Posted: September 18th, 2022

DBMS Assign 2

You are to complete the normalization exercise detailed in the attached document.  

When normalizing the table you may only use the given columns.  You may not create new fields or surrogate keys.

Submit your response as a Word document ( x) via the title link.  Name the file “Normalization”.

I’m Attaching some of the examples for this one can please go through it and find the solution.

Normalization Exercise

BIS

6

3

8 – Database Management for Business Systems

The following table shows a partial list of appointments for a pet grooming salon:

1265

9/10/03

9:00 AM

75

989-687-2432

Jack

9/10/03

3

9/10/03

1267

9/10/03

10:00 AM

51

989-721-3487

Winston

5

105

Nail Trimming

9/10/03

Jack

100

Bath

GroomingAppointment

ApptID

ApptDate

ApptTime

CustID

CustPhone

PetName

TechID

ServiceID

ServiceName

1

2

6

5

9/10/03

9:00 AM

75

989-687-

24

32

Jack

6

100

Bath

3

105

Nail Trimming

1266

9:30 AM

24

989-655-7448

Bailey

112

Teeth Brushing

1267

10:00 AM

51

989-721-3487

Winston

5

101

Haircut

1268

11:00 AM

63

989-248-5821

2

Field Descriptions:

ApptID – ID number of the appointment

ApptDate – date of the appointment

ApptTime – time of the appointment

CustID – ID number of the customer

CustPhone – phone number of the customer

PetName – name of the pet being groomed

TechID – ID number of the technician performing the grooming service

ServiceID – ID number of the grooming service being performed (an appointment can include multiple services)

ServiceName – name of grooming service being performed

1. Use arrows to show the functional dependencies in the table.

2. Convert the table to 3NF.

Key Terms and Normalization

1

Key Terms

A key is a column, or combination of columns, that uniquely identifies the rows in a relation.
If the key consists of two, or more, columns it is called a composite key.

Your student number and your globalID are examples of keys that the University uses to
identify you as a student.

Keys come in a variety of types, including:

 candidate key

 primary key

 foreign key

 surrogate key

A candidate key is a key that determines all of the other columns in a relation. A relation can
potentially have a number of candidate keys. Let’s consider a typical student relation:

Student (StudentNbr, FirstName, LastName, DOB, Major, Email, Phone, Address, City, State, ZIP)

In this relation, the StudentNbr and Email columns hold values that are unique to a given
student. Both of these columns could, therefore, be used to functionally determine all other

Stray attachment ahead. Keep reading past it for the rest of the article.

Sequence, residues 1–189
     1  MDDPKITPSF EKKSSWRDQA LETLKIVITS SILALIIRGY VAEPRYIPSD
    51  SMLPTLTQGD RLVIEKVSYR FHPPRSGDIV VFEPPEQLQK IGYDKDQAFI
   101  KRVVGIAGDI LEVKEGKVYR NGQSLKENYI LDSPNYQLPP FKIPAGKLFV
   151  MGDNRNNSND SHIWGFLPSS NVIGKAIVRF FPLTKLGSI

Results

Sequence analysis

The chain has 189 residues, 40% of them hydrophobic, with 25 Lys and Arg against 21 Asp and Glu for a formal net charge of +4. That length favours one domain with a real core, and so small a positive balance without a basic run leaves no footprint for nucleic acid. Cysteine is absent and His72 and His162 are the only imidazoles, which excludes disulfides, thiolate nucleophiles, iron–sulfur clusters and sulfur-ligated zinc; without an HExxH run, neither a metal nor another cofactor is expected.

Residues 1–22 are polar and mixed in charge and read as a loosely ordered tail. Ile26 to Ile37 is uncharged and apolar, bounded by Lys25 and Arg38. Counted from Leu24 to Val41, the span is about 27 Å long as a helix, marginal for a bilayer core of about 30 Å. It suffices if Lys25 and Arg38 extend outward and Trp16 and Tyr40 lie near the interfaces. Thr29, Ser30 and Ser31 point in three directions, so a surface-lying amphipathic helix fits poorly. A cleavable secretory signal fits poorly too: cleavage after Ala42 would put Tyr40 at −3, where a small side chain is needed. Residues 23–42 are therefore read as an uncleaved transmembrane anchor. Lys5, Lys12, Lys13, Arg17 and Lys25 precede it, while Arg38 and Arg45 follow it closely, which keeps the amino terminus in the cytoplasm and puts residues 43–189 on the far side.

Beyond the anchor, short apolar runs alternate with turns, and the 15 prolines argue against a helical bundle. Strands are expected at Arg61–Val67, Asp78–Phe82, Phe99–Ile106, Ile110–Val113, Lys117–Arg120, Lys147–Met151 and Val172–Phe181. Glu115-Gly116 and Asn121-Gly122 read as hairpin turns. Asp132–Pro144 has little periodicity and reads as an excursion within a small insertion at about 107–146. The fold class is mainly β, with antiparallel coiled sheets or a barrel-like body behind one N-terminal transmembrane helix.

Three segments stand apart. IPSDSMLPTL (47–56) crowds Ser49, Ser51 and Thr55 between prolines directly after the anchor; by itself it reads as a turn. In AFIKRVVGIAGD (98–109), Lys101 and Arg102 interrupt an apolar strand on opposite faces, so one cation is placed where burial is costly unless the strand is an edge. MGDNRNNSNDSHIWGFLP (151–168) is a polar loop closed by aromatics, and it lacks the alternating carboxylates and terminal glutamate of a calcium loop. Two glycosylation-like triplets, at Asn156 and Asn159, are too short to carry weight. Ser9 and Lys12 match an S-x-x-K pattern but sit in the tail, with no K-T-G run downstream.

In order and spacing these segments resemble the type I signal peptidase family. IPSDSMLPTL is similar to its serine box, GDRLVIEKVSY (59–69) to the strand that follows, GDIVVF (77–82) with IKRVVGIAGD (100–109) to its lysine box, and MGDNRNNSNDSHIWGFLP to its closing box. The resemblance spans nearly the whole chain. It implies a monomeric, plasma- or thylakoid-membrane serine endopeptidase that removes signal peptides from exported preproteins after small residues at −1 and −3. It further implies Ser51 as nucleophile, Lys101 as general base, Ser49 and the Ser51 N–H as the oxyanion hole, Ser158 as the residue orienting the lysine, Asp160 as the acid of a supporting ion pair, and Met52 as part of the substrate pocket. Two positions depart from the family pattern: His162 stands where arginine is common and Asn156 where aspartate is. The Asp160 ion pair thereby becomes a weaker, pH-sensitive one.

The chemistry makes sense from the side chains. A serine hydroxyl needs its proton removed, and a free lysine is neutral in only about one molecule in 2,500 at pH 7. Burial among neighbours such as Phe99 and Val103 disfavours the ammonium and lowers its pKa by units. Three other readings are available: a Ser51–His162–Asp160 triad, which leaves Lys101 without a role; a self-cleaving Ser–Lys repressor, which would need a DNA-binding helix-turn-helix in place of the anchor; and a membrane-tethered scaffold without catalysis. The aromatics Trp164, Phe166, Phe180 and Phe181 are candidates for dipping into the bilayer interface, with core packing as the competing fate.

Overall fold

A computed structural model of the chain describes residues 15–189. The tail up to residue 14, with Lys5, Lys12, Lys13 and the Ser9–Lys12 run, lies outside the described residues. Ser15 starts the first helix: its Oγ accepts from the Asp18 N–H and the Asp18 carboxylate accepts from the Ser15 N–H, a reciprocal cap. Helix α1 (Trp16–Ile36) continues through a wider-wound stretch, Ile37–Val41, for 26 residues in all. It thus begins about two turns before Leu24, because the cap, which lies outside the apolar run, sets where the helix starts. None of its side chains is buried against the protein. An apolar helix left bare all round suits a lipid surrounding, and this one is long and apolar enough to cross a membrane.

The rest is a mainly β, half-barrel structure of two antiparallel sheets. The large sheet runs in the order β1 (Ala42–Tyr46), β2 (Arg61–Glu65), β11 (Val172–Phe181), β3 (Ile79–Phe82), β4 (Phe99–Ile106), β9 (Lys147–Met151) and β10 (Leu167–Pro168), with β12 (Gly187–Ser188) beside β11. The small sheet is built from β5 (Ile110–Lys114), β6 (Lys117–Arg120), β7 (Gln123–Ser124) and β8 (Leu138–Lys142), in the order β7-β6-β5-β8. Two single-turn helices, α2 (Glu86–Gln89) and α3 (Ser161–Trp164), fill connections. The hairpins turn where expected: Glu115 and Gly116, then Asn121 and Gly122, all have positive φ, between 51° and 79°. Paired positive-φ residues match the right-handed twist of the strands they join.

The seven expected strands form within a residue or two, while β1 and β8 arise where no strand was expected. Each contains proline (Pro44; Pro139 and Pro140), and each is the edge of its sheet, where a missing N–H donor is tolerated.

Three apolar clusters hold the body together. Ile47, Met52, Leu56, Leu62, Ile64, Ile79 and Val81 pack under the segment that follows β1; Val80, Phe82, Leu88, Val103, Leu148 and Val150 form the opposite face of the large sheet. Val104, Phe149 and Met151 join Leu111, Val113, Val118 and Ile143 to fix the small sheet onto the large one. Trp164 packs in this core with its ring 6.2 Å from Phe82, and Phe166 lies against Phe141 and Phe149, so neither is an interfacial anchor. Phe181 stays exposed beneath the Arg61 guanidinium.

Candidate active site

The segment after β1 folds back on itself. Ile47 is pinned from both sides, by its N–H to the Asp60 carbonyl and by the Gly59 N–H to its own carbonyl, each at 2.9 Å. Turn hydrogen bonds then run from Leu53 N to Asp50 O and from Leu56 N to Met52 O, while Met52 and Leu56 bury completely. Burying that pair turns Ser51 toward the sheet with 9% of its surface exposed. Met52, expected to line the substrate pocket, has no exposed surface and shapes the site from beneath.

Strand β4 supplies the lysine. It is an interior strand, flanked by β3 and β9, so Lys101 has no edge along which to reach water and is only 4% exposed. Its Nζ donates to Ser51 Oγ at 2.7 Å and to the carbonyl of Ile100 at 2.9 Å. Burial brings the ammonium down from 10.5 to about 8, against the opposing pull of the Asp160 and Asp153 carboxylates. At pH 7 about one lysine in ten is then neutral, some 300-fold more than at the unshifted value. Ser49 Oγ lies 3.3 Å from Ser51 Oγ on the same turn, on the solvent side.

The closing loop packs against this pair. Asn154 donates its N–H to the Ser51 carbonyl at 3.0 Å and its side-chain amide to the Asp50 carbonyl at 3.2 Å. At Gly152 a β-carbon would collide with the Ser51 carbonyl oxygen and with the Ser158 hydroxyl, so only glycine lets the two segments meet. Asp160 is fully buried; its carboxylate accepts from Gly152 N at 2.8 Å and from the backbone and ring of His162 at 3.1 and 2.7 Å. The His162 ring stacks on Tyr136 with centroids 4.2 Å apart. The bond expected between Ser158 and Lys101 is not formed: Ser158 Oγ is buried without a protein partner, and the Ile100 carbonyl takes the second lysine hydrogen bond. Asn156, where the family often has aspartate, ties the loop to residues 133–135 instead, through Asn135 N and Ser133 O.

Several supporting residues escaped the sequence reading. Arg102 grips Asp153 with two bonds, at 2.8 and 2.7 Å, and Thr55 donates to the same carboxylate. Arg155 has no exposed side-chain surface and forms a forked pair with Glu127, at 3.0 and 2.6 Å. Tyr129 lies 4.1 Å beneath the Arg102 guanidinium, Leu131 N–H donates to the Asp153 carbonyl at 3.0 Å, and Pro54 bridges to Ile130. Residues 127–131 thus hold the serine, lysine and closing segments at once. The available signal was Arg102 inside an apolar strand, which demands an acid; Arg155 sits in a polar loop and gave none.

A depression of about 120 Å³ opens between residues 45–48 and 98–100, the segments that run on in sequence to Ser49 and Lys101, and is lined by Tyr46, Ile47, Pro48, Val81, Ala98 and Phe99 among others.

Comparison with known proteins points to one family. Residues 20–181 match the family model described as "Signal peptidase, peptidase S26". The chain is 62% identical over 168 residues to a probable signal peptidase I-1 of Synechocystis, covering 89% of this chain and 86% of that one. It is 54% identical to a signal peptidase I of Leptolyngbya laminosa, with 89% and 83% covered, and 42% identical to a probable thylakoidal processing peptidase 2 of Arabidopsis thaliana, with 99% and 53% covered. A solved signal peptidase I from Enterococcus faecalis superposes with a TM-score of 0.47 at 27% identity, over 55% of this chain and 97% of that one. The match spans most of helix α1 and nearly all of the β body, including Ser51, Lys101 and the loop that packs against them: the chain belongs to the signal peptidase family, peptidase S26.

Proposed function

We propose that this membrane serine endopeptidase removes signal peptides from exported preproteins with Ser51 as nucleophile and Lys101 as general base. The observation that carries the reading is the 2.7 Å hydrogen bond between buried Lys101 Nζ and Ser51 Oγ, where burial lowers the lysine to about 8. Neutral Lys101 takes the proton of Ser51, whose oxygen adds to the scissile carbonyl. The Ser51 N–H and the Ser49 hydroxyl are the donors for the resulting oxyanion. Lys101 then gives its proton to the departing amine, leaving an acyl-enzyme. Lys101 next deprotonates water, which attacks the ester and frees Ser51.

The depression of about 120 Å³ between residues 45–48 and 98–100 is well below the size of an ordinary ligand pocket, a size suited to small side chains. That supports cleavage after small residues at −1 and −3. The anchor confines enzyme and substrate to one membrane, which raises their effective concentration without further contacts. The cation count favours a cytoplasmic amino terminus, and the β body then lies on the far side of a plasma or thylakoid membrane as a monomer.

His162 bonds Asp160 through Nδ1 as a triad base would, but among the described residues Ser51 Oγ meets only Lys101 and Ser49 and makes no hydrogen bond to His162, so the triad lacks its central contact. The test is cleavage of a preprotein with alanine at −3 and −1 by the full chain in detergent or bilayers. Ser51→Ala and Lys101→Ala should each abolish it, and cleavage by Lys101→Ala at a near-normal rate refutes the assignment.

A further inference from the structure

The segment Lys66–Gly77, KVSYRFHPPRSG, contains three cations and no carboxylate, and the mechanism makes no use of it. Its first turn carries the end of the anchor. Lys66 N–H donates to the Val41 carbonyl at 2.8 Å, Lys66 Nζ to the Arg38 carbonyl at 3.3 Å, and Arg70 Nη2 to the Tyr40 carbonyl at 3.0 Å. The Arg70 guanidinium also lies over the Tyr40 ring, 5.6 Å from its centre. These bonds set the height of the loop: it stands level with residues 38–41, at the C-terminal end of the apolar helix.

columns in the relation. As such, these columns are considered candidate keys.

A primary key is a candidate key selected as the primary means of identifying rows in a relation.
In the Student relation above, the StudentNbr and GlobalID columns are both candidate keys.
You would need to select one of the candidates to serve as the primary key. In this case,
StudentNbr would probably be selected because it is short and numeric. When writing a
relation, the primary key in underlined:

Student (StudentNbr, FirstName, LastName, DOB, Major, Email, Phone, Address, City, State, ZIP)

A foreign key is the primary key of one relation that is added to another relation to form a link
between the relations. As an example, let’s consider two relations: Branch and Book. Since
each book belongs to a specific branch, they share a relationship. We can enforce this
relationship by adding the primary key of Branch (BranchID) to Book. This makes BranchID a
foreign key in Book. When writing a relation, any foreign keys are noted with a dashed
underline:

Branch (BranchNbr, BranchName, Address, City, State, ZIP, Phone)
Book (BookNbr, Title, Author, ShelfLocation, BranchNbr)

A surrogate key is an artificial column added to a relation to serve as a primary key. Surrogate
keys are useful when there are no good candidate keys to serve as a relation’s primary key. As
an example, suppose you had an employee relation that looked like this:

Key Terms and Normalization

2

Employee (FirstName, LastName, DateHired, JobTitle)

Since many employees might have the same first name, the same last name, or both, the name